Guest Post: It’s Tough to Make Predictions, Especially about the Future (even with Machine Learning)

Guest Blogger | 04 September, 2018

Topics: Banking and Finance, Design of Experiments - DOE, Machine Learning, Predictive Analytics, Data Analysis

Bill Kahn, SVP, Risk Modeling Executive - Bank of America

Bill Kahn runs the statistical modeling group for consumer banking at Bank of America. His team builds hundreds of models using a broad range of statistical and machine learning techniques. These models help ensure financial stability for individuals, enterprises, and communities throughout the country. Over the past few decades, Bill has led statistics groups at several Fortune 500 financial service, consulting, and manufacturing firms. He has his BA in Physics and MA in Statistics from Berkeley and his PhD in Statistics from Yale. 

Minitab asked Bill to share his insights about machine learning (ML) as “a basis for action” in the business world.

Machine Learning (ML) Algorithms

At its core, all ML algorithms follow the same two-part process. First, some sequence of increasingly complex functions is fit to part of the data (the training data set). Then, each model in the sequence is evaluated on how well it performs on the data that was held out (the holdout set). The model with the best fit on the holdout set is selected. There are rich variations in these steps — including the sequence explored, how each fit is found, the definition of a good fit, and what holdout set randomization is selected. And it turns out, with a couple of modest cautions, this simple sequence typically produces good within sample predictions.

The Two Modest Cautions

First, we need to use the right loss function to fit and evaluate the models. If the loss function is not properly specified all machine learning algorithms can produce silly output—like classifying everyone into the predominant group, and consequently failing to make any useful predictions. We need to use our experience to select a loss function with business, scientific, or engineering relevancy.

Second, as every algorithm has hyperparameters (parameters that cannot be established on purely conceptual grounds), we must explore a broad enough range for these to ensure that we are not using some awful set of values, which would lead to unacceptably weak predictions.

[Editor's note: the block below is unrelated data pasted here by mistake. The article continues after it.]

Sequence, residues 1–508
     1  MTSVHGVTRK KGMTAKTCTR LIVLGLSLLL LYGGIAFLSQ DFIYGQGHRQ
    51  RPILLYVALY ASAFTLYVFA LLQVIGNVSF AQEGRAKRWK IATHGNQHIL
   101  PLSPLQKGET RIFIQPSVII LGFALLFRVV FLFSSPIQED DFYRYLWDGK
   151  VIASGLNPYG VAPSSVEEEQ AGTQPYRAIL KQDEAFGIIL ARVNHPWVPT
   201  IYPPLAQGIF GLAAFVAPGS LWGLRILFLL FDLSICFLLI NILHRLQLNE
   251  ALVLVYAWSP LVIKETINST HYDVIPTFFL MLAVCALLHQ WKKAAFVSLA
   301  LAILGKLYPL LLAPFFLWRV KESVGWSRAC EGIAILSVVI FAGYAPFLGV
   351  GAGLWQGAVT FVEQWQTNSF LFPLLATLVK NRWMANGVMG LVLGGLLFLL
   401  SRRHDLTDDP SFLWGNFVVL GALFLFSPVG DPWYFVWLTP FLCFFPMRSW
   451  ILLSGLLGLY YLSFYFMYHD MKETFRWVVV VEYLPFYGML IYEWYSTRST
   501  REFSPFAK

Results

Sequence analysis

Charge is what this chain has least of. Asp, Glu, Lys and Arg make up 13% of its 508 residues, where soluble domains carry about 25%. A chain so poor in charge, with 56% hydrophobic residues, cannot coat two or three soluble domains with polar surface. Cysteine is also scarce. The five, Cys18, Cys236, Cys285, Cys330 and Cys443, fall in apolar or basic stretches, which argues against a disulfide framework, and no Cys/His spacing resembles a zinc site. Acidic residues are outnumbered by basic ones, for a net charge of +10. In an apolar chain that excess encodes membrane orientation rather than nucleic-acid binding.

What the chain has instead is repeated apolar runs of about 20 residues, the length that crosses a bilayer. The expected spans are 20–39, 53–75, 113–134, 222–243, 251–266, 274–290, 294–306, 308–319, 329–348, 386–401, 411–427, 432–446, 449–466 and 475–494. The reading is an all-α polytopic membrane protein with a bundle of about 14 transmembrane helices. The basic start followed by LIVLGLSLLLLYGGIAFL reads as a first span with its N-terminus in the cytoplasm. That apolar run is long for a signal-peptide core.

Predicting the Future

However, while machine learning produces good within sample predictions, that is not what we need. We need good out-of-sample predictions. This jump, from past experience to future behavior, is a big one and requires additional considerations driven by core statistical principles. These considerations include: selecting the right problem, selecting meaningful dependent variables, calling out underlying data bias, understanding hierarchy and dependence among observations, and building the right sequence of models. None of these requirements are unique to ML—all are essential for any statistical analysis to be trustworthy.

And finally, the best that any model can do is extract the information that is actually in the data. To have value there must be information in the data in the first place. To ensure our data has valuable information in it experimental design matters in ML models just as it matters for any other predictive model. Once one has run a well-structured design you can now build a ML model and score every observation for every possible combination of controllable variables. We learn the best way to set every controllable input (say, price point or marketing channel or temperature or speed) to produce the best outcome for every input.

This approach takes maximum advantage of what we know but it has a significant disadvantage for any system whose true state evolves. The best setting of the control factors themselves drift when the exogenous environment drifts (such as evolving raw material quality, consumer trade-offs, or competitor response). If we always make a single optimal assignment for any particular input then we will confound what we observe with what we do. This makes building a new and improved model impossible. Newer experimental designs, such as Thompson sampling, solve this problem by continually challenging our current beliefs. These designs enable us to strike an optimal balance between making money now and learning what we need to be able to make money in the future as well.

ML is a powerful addition to the professional’s toolkit. With some basic caution, enabling us to avoid the silly and the awful, and in combination with the full set of classical statistical skills, ML helps make us ever-better statisticians.